UPDATE: San Jose council strengthens wage theft policy
A union worker speaks to the San Jose City Council ahead of a wage theft policy vote on April 11, 2023. Photo by Jana Kadah.

    San Jose wanted to loosen wage theft requirements to allow more contractors to work for the city, but councilmembers pushed back.

    City staff recommended scaling back the city’s wage theft policy for public contacts, but the City Council voted unanimously to strengthen it at a Tuesday meeting. Councilmember Dev Davis was absent.

    Wage theft occurs when an employer fails to pay workers minimum wage or overtime, takes away their tips or does not allow workers to take meal and rest breaks. If the employer is found in violation they are required to pay the employee for lost wages.

    Before the vote, city law automatically disqualified contractors who bid for jobs in San Jose if they had two or more wage theft violations in the past five years, or at least one unpaid wage theft judgment—excluding public works contracts.

    Under the updated policy, public works contracts will be included. In addition, contractors with a history of wage theft could be exempt from disqualifications if they create a process for workers to make complaints or allow for a collective bargaining agreement. The policy now expands city searches for violations from only examining violations filed with the California Labor Commissioner’s office to include Civil Wage and Penalty Assessments and Bureau of Field Enforcement citations.

    Vice Mayor Rosemary Kamei and Councilmembers David Cohen and Domingo Candelas led the push to strengthen the policy.

    “We’re making good progress here on making the city a little more flexible by applying our wage theft ordinance to more contracts,” Cohen said. “But also making sure that we’re holding people accountable.”

    Union members and labor leaders echoed the sentiment, noting wage theft policies help support workers, their families and contractors that follow the law.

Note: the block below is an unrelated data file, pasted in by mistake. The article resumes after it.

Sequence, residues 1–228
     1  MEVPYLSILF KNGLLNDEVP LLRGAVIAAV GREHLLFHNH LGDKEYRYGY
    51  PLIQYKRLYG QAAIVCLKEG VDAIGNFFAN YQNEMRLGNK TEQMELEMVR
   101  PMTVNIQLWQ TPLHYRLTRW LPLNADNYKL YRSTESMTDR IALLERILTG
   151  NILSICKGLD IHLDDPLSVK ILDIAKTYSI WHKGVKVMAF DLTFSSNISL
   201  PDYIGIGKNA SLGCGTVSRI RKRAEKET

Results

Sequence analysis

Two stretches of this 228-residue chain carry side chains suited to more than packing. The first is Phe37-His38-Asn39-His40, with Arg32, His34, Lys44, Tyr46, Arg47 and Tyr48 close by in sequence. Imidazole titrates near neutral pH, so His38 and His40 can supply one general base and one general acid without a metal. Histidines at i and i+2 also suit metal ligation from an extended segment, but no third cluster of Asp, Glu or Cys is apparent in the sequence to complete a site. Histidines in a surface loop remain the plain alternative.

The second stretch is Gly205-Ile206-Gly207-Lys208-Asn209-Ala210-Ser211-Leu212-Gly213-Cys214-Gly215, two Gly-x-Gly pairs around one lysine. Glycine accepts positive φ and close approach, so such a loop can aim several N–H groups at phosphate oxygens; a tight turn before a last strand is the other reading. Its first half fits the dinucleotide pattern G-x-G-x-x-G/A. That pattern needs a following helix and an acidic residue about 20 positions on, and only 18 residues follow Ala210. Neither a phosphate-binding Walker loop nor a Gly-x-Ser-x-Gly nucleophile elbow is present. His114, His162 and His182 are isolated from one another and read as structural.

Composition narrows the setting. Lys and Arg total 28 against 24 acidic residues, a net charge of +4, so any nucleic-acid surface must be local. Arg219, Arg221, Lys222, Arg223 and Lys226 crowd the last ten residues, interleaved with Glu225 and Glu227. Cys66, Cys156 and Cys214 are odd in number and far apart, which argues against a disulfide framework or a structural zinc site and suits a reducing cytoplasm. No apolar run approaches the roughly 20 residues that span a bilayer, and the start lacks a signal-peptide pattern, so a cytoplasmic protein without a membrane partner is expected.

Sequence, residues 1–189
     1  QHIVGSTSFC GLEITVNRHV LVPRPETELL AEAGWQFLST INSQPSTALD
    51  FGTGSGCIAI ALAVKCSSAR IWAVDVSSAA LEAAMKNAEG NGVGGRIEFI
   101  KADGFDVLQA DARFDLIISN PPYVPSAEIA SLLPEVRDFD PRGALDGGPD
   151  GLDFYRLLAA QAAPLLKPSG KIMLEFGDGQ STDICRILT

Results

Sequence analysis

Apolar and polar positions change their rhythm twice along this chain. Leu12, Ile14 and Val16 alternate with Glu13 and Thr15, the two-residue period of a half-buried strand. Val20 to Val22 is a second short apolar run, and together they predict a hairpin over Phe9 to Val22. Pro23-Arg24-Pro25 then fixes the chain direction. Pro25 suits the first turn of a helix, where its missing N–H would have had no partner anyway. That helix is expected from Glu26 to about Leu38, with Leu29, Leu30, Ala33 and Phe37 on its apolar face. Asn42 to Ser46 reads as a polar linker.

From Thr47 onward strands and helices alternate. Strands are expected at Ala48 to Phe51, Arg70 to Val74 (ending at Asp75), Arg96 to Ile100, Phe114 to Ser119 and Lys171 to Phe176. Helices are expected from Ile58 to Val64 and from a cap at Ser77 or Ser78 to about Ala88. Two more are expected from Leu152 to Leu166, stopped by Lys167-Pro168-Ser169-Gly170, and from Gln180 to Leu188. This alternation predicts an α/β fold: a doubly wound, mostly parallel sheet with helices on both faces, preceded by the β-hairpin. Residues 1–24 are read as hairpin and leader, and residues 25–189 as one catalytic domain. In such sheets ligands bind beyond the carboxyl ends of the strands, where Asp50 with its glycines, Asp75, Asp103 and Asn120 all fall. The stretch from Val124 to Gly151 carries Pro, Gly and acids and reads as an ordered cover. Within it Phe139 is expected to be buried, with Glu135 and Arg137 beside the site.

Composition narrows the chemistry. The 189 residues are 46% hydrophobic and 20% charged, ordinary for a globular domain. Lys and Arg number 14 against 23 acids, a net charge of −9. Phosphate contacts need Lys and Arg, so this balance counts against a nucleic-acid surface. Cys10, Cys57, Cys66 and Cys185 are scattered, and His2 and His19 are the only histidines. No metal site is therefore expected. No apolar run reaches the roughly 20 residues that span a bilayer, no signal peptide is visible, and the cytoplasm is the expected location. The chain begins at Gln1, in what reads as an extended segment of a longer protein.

“The city’s policy ensures that all contractors compete on a level playing field, and prevents low road contractors from using wage theft to gain an economic advantage in an otherwise competitive bidding process,” said Frank Austin, business agent for UA Local 393. “And (prevents them) from stealing well earned wages from our families within our communities.”

    Staff wanted to loosen the wage theft ordinance because the requirements are causing a shortage of contractors for a multitude of city services. Their proposed policy, which did not pass, would have disqualified contractors that have at least three violations in the past three years. City staff also wanted to have no wage theft disqualifications for banking, janitorial and security service contractors.

    Matt Loesch, acting public works director, said he asked councilmembers to amend the requirements to help the city fill those hard-to-come-by contractor jobs and create a policy that is enforceable. He said the city has already made compromises by working with banks even though they have wage theft violations because it is nearly impossible to find a large bank with a clean record. That’s why he wanted banks to be exempt from the wage theft policy.

    It’s the same for janitorial and security service workers who have high rates of unpaid violations, 67% and 69% respectively, according to data from the U.S. Department of Labor. In order to avoid automatic disqualification, the city suggests contractors with a history of wage theft work to demonstrate how they will comply with labor requirements including wages, hours and working conditions. That also includes providing employees with a wage theft grievance process.

    Loesch said the policy revision should help keep bad actors out of city contracts. He also said his staff is eager to implement the changes because they can now search for violations through the state’s new public portal instead of relying on contractors to self-report.

    Investigations into wage theft violations by San José Spotlight, as well as lawsuits from various labor groups, have found numerous allegations of wage theft and unsafe working conditions. Union leaders and legal experts said contractors routinely violate labor laws in San Jose because the city doesn’t have strong enough protections for workers or penalties for those breaking the laws.

    Unions and wage theft lawyers argue if the policy is relaxed in any way, workers’ wages will continue to be compromised. Tomas E. Margain, an attorney who represented workers subjected to slave-like conditions during the construction of the Silvery Towers, said the city should expand disqualification to not only judgments, but also complaints filed.

    “Most cases settle, so limiting this to judgments would potentially allow a contractor who is a repeat offender to be on a job without anyone knowing this history,” Margain said. “Having broader disclosure requirements allows municipalities and (compliance departments) to better monitor projects as they can see if a contractor or subcontractor has a pattern of wage claims.”

    Contact Jana Kadah at [email protected] or @Jana_Kadah on Twitter.

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